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Delta National Small Prints, Hursley Exhibition, Open Jan. 24

January 17, 2019


JONESBORO – The annual Delta National Small Prints Exhibition opens with a 5 to 6:30 p.m. public reception at the Bradbury Art Museum, Thursday, Jan. 24, on the campus of Arkansas State University.  Also opening that evening is “The Business of Dying,” an exhibition by photographer Timothy Hursley.

Included in the 2019 DNSPE will be 58 prints by 44 artists from across the country and abroad.  The exhibition provides northeast Arkansas and the region an annual look at the latest trends in contemporary small printmaking, according to Les Christensen, director of the museum.

The 2019 DNSPE juror was José Diaz, chief curator of The Andy Warhol Museum in Pittsburgh.  He reviewed and chose the works for inclusion in the exhibition and also determined which artists would receive purchase prizes, with their work becoming part of A-State’s permanent collection.  Others received juror’s merit awards.

“José selected an exhibition more focused than we have seen in years past.  Many social and political topics are addressed,” Christensen said in her director’s statement.  “His keen knowledge of printmaking and expertise in curating are evidenced in this thematically cohesive exhibition.  We thank him for his work and competence with this daunting task.”

From the hundreds of entries, Diaz made selections for the purchase awards and sponsorships blindly, seeing only the title, medium and dimensions of each print, but not the artist’s name or location.

“I chose prints that addressed the present, such as depictions of hope and empowerment, but also those showing loss, pandemonium and chaos,” Diaz wrote in his juror’s essay.  “This year many of the submissions brought up social and political issues concerning citizens in the United States.  This is why the arts (in all forms but especially in printed form), are so important.”

Diaz, a 2018 fellow at the Center for Curatorial Leadership, previously served as curator of exhibitions at the Bass Museum of Art in Miami Beach.

The exhibition’s founder, emeritus professor and master engraver Evan Lindquist, conceived of the show in 1996.  At that time, DNSPE was held in the Fine Arts Center Gallery.  It moved to its new permanent home in 2001 when the Bradbury was opened.

The DNSPE is made possible by many generous individuals and organizations who provide the financial and practical assistance necessary to produce the exhibition and catalog.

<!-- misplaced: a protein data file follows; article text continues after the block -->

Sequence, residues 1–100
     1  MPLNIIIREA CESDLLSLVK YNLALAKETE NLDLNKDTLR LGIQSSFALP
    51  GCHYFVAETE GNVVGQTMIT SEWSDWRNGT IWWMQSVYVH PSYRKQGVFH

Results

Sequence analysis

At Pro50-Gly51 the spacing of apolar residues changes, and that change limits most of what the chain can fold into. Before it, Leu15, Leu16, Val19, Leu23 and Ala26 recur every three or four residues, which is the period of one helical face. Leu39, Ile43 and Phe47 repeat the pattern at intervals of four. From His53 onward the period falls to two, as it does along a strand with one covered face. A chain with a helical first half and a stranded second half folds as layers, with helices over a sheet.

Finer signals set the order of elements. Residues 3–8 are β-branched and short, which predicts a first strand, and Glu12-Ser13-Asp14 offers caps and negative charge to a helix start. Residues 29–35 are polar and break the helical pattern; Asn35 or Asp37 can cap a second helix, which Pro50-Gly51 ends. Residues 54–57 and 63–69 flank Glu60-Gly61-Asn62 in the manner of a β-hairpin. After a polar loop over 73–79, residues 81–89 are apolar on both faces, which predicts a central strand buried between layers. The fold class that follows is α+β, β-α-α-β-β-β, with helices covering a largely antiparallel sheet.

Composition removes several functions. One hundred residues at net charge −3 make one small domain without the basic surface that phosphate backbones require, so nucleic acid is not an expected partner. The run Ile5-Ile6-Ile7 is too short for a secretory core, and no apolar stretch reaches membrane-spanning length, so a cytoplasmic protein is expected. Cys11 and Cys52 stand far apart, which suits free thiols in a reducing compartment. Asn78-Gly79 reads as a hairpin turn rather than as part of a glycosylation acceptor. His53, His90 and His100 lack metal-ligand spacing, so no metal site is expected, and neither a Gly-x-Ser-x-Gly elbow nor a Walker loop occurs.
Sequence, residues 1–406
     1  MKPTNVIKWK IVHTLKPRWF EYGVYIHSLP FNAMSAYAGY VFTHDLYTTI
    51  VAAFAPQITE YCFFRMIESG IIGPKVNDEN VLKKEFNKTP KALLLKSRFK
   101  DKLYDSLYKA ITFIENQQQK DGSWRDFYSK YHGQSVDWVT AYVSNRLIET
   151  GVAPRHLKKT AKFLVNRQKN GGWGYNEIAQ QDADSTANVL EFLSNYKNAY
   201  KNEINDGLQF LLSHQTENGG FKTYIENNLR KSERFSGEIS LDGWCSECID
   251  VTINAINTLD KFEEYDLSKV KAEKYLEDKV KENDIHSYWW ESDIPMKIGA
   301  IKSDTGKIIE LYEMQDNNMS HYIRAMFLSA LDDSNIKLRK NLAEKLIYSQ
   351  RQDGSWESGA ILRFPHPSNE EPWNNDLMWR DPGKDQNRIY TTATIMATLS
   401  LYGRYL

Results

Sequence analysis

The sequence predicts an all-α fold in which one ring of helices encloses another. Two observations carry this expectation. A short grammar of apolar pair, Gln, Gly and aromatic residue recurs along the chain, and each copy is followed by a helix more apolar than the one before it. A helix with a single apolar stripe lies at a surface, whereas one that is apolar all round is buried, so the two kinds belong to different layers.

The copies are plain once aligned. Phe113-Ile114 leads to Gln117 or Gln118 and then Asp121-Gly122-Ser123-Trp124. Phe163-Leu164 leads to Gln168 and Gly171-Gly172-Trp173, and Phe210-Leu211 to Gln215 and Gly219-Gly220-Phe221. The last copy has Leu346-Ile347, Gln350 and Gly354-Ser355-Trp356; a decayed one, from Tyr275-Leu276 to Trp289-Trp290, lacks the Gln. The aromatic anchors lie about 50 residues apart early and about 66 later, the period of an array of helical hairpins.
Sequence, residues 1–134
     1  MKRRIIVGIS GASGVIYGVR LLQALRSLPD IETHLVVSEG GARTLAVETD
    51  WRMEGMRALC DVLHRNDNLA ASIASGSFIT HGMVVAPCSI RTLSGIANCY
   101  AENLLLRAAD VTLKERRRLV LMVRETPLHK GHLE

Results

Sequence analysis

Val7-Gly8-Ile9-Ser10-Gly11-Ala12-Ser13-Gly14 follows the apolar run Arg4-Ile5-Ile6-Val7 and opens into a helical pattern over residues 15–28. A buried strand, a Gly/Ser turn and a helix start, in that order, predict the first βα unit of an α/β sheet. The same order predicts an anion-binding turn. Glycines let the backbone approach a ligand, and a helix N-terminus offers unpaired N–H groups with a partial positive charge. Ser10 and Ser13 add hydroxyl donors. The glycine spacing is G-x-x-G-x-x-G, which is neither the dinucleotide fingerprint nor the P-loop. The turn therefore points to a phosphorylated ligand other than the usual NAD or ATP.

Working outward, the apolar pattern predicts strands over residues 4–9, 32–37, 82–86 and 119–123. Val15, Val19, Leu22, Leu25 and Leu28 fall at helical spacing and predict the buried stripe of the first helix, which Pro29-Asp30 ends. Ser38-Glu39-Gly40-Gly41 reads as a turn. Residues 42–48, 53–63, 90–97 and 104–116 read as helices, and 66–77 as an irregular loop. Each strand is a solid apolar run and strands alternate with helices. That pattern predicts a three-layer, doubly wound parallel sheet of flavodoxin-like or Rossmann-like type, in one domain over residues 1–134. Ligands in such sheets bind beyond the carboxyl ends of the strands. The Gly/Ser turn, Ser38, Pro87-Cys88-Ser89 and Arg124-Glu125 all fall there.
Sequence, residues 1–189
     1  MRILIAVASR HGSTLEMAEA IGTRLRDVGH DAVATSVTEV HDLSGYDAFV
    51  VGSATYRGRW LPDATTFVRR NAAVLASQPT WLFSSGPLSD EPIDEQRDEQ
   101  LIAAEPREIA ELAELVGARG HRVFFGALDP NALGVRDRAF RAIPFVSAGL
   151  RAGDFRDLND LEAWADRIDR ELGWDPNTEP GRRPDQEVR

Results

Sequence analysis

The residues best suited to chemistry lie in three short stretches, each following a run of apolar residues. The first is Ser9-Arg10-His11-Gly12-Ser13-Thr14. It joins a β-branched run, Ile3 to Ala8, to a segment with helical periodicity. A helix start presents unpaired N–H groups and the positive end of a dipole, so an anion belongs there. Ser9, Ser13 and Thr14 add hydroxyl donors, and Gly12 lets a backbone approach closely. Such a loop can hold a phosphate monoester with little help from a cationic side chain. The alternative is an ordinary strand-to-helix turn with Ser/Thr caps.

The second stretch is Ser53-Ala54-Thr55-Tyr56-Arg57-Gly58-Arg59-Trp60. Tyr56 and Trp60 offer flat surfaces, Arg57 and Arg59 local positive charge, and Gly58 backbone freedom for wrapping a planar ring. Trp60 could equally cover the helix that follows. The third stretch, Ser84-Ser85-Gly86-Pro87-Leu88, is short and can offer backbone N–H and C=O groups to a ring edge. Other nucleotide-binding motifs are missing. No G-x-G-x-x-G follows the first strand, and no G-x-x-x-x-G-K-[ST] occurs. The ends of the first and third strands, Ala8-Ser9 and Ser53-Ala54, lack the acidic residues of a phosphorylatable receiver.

A full-color catalog of the entire exhibition will be available at the opening reception. 

Photograph Exhibition by Timothy Hursley

An exhibition of photographs by Timothy Hursley titled “The Business of Dying” will run simultaneously with the 2019 DNSPE and will be held in the Stella Boyle Smith Gallery of Bradbury Art Museum.

Hursley is an internationally recognized architectural photographer known for documenting such structures as Yad Vashem, in Jerusalem; Museum of Modern Art, in New York; the Renaissance Center in Detroit; the Guggenheim Museum in Bilbao, Spain; and the U.S. Holocaust Memorial Museum in Washington, D.C.  He moved to Little Rock in 1980 from his hometown of Detroit, where he apprenticed with acclaimed Hungarian photographer Balthazar Korab.

Along with his architectural work, Hursley has also completed several significant series of fine art photography such as those of Andy Warhol’s “Factory” in New York, which he regularly photographed between 1982 and Warhol’s death in 1987. Other intriguing series include legal brothels in Nevada and polygamist communities in Utah, which he captures as an observer and without judgment.

The artist’s exceptional perspective has also been used to discover and record parts of the rural South. Some of the first photographs in this set of work were of Samuel Mockbee’s noble mission at his Rural Studio at Auburn University.

Hursley’s work in “The Business of Dying” provides a stark contrast to his acclaimed architectural photographs of sleek, modern structures. Here, as in his other fine art series, his attraction is to life on the fringe. Through the artist’s tender lens, we see images that are at once gritty, heartrending and compassionately portrayed. Included are obvious symbols of the loss of life – a casket, tombstone or hearse – but also subtler imagery capturing the passing of a way of life or the death of a town.

The 2019 DNSPE and Hursley exhibitions will continue through Feb. 20.

Hours for BAM, which is at 201 Olympic Dr. in Fowler Center, are noon to 5 p.m. Tuesday and Wednesday, noon to 7 p.m. On Thursday, noon to 5 p.m. Friday and Saturday, 2 to 5 p.m. on Sunday, and by appointment.  The catalog, exhibitions, and reception are admission-free and open to the public.  For additional details, one may contact the museum at (870) 972-2567.

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Original article source: | Article may or may not reflect the views of KLEK 102.5 FM or The Voice of Arkansas Minority Advocacy Council

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